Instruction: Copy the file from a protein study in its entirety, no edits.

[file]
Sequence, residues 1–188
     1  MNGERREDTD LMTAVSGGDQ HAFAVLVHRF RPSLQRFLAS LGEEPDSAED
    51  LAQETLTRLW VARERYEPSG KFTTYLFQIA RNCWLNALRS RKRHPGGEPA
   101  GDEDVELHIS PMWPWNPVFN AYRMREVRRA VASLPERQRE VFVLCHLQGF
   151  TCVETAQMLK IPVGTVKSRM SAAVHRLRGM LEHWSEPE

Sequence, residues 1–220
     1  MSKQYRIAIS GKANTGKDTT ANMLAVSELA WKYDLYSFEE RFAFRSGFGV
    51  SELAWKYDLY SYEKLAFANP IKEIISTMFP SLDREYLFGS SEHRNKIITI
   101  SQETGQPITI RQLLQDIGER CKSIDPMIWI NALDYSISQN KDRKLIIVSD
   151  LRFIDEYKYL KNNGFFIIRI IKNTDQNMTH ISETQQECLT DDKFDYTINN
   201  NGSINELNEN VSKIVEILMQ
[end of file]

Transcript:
Sequence, residues 1–188
     1  MNGERREDTD LMTAVSGGDQ HAFAVLVHRF RPSLQRFLAS LGEEPDSAED
    51  LAQETLTRLW VARERYEPSG KFTTYLFQIA RNCWLNALRS RKRHPGGEPA
   101  GDEDVELHIS PMWPWNPVFN AYRMREVRRA VASLPERQRE VFVLCHLQGF
   151  TCVETAQMLK IPVGTVKSRM SAAVHRLRGM LEHWSEPE

Sequence, residues 1–220
     1  MSKQYRIAIS GKANTGKDTT ANMLAVSELA WKYDLYSFEE RFAFRSGFGV
    51  SELAWKYDLY SYEKLAFANP IKEIISTMFP SLDREYLFGS SEHRNKIITI
   101  SQETGQPITI RQLLQDIGER CKSIDPMIWI NALDYSISQN KDRKLIIVSD
   151  LRFIDEYKYL KNNGFFIIRI IKNTDQNMTH ISETQQECLT DDKFDYTINN
   201  NGSINELNEN VSKIVEILMQ